Jason Tallis, Rob S. James, and Frank Seebacher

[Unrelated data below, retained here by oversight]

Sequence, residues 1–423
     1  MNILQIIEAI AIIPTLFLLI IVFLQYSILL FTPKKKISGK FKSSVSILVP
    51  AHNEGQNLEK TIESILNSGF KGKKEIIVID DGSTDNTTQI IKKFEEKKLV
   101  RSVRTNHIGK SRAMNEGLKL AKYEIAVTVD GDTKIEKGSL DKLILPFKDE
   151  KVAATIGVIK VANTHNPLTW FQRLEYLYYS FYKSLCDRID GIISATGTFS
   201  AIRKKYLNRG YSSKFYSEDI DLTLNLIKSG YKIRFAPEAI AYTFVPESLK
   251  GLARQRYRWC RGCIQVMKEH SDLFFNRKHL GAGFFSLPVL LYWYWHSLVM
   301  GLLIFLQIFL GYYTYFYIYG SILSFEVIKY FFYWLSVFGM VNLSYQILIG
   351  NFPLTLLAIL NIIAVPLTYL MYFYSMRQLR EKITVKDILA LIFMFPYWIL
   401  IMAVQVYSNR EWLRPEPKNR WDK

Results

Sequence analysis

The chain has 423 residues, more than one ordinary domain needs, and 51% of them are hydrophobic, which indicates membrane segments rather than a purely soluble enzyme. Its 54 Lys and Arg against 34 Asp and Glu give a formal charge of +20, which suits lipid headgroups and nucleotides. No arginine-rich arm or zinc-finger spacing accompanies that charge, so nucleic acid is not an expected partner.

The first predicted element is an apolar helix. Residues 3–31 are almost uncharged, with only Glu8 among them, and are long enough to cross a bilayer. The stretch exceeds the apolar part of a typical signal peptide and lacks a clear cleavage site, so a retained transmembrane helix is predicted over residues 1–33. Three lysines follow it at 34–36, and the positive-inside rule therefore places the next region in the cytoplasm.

Obesity can cause a decline in contractile function of skeletal muscle, thereby reducing mobility and promoting obesity-associated health risks. We reviewed the literature to establish the current state-of-knowledge of how obesity affects skeletal muscle contraction and relaxation. At a cellular level, the dominant effects of obesity are disrupted calcium signalling and 5′-adenosine monophosphate-activated protein kinase (AMPK) activity. As a result, there is a shift from slow to fast muscle fibre types. Decreased AMPK activity promotes the class II histone deacetylase (HDAC)-mediated inhibition of the myocyte enhancer factor 2 (MEF2). MEF2 promotes slow fibre type expression, and its activity is stimulated by the calcium-dependent phosphatase calcineurin. Obesity-induced attenuation of calcium signalling via its effects on calcineurin, as well as on adiponectin and actinin affects excitation–contraction coupling and excitation–transcription coupling in the myocyte. These molecular changes affect muscle contractile function and phenotype, and thereby in vivo and in vitro muscle performance. In vivo, obesity can increase the absolute force and power produced by increasing the demand on weight-supporting muscle. However, when normalised to body mass, muscle performance of obese individuals is reduced. Isolated muscle preparations show that obesity often leads to a decrease in force produced per muscle cross-sectional area, and power produced per muscle mass. Obesity and ageing have similar physiological consequences. The synergistic effects of obesity and ageing on muscle function may exacerbate morbidity and mortality. Important future research directions include determining: the relationship between time course of weight gain and changes in muscle function; the relative effects of weight gain and high-fat diet feeding per se; the effects of obesity on muscle function during ageing; and if the effects of obesity on muscle function are reversible.